Minor job growth seen in November

'Conditions have steadied but remain resilient'

Minor job growth seen in November

Employment was little changed in November (up 10,000), following an increase of 108,000 (down 0.6 per cent) in October.

The unemployment rate declined by 0.1 percentage points to 5.1 per cent in November. This was the second decrease in three months, putting the rate closer to the record low of 4.9 per cent seen in June and July, according to Statistics Canada.

“At this point in the economic cycle instead of looking for labour market growth, we’re inspecting the job numbers for cracks in the armour. So far though, conditions have steadied but remain resilient,” says Brendon Bernard, senior economist at job board Indeed.

With the unemployment rate already so low, the labour market’s strength is showing up in wage growth, rather than job growth, he says.

“Average hourly earnings were up 5.6 per cent year-over-year for a second straight month. Pay gains have been broad based, growth clocking in above 6 per cent across accommodation and food service, professional service, construction, and manufacturing, among others.”

Four in fivebusiness leaders say we’re in a recession – or we will be soon.

Gains in full-time work, immigration

Highlights for November:

  • Employment among people in the core working ages of 25 to 54 rose by 38,000 (0.3 per cent) in November, the third consecutive monthly increase. Most of the November increase was attributable to core-aged women (25,000 or 0.4 per cent).
  • Among very recent immigrants — admitted to Canada within the previous five years — the employment rate of core-aged women was 69.7 per cent, the highest for the month of November for this group since comparable data became available in 2006.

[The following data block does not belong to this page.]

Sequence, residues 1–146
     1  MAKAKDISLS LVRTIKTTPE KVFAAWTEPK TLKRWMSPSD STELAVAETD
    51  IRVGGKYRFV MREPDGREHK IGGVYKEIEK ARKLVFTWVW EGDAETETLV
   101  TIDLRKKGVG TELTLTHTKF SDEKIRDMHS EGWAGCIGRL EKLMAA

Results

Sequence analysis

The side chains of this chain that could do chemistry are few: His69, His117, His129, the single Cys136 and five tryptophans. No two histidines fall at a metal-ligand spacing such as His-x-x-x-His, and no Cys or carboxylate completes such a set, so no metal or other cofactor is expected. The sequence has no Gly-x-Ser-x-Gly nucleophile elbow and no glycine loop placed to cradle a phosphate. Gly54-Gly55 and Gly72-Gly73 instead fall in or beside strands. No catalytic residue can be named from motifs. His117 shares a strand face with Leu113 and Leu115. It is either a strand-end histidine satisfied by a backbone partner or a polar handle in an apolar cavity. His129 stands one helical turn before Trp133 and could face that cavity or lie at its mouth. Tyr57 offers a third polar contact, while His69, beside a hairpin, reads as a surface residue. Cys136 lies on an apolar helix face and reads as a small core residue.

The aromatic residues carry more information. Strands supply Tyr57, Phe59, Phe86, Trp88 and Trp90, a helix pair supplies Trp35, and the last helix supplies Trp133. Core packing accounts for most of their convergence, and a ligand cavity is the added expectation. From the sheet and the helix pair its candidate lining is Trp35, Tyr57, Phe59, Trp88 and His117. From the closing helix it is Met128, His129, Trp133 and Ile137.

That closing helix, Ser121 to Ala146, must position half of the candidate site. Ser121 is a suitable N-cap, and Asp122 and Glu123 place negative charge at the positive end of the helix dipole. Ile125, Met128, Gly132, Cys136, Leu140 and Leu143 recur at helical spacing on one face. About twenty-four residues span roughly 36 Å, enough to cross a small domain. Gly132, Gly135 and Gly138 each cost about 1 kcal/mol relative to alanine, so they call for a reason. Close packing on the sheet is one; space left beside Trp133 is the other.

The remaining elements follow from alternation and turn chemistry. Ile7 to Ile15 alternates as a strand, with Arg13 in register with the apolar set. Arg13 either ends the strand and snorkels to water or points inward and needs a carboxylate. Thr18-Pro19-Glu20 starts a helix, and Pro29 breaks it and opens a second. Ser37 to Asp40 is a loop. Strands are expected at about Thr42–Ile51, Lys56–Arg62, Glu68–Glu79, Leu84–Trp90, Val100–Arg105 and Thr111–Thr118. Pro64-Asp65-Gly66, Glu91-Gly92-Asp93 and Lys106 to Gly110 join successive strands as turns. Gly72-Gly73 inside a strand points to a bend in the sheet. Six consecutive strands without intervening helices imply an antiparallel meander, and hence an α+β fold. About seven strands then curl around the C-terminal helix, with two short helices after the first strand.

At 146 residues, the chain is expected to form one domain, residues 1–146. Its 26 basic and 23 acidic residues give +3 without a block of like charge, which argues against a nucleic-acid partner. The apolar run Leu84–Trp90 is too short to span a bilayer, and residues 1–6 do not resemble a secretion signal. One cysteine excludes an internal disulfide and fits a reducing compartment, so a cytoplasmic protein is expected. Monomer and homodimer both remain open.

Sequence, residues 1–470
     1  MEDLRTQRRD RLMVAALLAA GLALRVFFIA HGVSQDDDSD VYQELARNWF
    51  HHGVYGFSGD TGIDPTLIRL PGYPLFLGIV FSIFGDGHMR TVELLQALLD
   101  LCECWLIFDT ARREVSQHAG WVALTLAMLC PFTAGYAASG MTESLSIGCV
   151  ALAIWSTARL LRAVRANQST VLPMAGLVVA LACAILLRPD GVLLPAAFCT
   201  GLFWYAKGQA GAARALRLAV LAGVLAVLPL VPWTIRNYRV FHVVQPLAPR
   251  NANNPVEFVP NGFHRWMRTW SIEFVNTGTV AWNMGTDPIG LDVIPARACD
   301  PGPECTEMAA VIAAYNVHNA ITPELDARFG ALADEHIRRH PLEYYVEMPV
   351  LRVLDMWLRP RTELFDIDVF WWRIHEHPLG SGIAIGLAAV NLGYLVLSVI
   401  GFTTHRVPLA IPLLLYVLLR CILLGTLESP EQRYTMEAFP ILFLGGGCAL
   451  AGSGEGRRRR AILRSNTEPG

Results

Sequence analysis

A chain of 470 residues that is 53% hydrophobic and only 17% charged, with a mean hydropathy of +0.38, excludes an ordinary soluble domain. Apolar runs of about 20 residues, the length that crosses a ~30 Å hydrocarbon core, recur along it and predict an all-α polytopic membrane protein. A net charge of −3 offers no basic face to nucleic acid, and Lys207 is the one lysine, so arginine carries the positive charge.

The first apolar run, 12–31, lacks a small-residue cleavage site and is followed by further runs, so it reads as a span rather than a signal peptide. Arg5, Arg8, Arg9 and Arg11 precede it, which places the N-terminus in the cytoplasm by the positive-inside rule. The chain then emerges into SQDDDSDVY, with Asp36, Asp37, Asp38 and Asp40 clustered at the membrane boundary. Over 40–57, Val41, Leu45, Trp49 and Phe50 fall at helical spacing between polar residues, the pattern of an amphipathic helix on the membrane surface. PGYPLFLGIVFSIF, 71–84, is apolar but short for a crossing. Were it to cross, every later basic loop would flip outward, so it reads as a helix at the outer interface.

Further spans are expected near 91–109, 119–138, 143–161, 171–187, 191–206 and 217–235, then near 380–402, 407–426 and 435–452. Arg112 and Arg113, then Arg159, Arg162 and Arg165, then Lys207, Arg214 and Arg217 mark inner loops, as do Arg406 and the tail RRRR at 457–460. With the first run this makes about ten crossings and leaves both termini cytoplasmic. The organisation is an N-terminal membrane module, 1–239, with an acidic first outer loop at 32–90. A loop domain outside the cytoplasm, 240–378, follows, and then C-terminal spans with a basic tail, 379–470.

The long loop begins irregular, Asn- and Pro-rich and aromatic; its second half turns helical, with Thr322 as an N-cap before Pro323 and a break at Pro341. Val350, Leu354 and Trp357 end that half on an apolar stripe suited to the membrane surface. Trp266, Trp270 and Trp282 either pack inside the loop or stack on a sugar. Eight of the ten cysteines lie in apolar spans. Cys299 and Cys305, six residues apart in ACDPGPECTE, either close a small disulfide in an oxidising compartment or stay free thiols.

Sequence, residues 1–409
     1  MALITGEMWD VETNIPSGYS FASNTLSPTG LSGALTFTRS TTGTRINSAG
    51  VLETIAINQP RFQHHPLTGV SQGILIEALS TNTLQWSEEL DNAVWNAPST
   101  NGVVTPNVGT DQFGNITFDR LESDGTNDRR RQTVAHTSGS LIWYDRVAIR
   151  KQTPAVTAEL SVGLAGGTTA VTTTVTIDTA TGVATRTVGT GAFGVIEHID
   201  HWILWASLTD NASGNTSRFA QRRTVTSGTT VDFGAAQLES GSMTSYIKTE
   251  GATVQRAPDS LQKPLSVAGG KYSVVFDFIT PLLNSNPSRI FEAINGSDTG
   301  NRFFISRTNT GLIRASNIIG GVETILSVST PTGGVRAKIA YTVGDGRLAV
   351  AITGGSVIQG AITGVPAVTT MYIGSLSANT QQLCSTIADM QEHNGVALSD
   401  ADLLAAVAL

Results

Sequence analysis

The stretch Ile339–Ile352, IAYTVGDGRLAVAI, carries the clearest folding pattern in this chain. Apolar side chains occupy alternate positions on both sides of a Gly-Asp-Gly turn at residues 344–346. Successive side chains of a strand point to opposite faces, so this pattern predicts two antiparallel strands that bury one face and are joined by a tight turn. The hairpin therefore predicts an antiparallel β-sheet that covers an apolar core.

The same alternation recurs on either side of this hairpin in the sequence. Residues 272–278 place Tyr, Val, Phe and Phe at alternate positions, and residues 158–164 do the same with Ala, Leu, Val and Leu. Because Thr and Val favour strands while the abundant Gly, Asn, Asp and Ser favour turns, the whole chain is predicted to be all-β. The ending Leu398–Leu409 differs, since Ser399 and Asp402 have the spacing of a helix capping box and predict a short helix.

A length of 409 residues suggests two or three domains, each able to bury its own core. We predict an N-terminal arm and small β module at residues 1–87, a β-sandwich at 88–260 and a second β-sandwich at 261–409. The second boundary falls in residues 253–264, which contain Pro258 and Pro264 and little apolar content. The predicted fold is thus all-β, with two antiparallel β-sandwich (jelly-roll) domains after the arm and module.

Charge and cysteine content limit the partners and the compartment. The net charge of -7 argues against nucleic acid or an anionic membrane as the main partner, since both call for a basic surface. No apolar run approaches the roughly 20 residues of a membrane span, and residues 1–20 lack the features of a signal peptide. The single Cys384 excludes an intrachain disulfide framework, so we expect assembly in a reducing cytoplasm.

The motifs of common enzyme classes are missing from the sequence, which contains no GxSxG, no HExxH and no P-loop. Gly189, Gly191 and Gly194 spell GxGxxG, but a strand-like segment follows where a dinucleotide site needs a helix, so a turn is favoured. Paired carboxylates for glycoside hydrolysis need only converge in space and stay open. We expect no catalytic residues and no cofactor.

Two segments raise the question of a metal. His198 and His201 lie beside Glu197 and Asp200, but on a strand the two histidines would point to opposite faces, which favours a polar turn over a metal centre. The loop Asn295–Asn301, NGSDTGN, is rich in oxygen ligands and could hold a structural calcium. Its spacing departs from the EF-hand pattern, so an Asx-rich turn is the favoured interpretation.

• The number of people employed on a full-time basis increased by 51,000 (0.3 per cent) in November. Since November 2021, when full-time employment first surpassed its pre-COVID-19 pandemic level, full-time work has grown by 460,000 (2.9 per cent).
  • Part-time employment was little changed for a sixth consecutive month in November and down by 91,000 (2.5 per cent) on a year-over-year basis.
  • Growth in the average hourly wages of employees remained above five per cent for a sixth consecutive month, rising 5.6 per cent ($1.71 to $32.11) on a year-over-year basis in November.
  • The proportion of workers who have hybrid arrangements rose by 0.4 percentage points to 9.4 per cent in November, continuing a gradual upward trend since the beginning of 2022.
  • Employment increased in Quebec in November, while it declined in Prince Edward Island, Newfoundland and Labrador, Manitoba, Alberta, and British Columbia.

Not-for-profit organizations, public sector employees and private sector companies, with 50 or fewer full-time employees, can now apply for funding to hire young Canadians next summer. 

Rising number of sick days

Considering Canada’s elevated cases of influenza and other respiratory viruses, 6.8 per cent of employees were absent due to illness or disability during the November reference week, says Statistics Canada.

This was slightly higher than the pre-pandemic average of 5.8 per cent in the month of November from 2017 to 2019, but below the record high set in January 2022, when absences due to illness or disability affected 10.0 per cent of employees.

With the start of December, the much-anticipated 10 days of paid sick leave for private sector workers in Canada’s federally regulated sector is now a reality.

In looking at employed core-aged parents with a child under six, 3.5 per cent reported being absent from work to care for children in November — 1.3 percentage points higher than the average for the month of November from 2017 to 2019 (2.2 per cent), says Ottawa, but below the record set in March 2020 and December 2021 (4.6 per cent).

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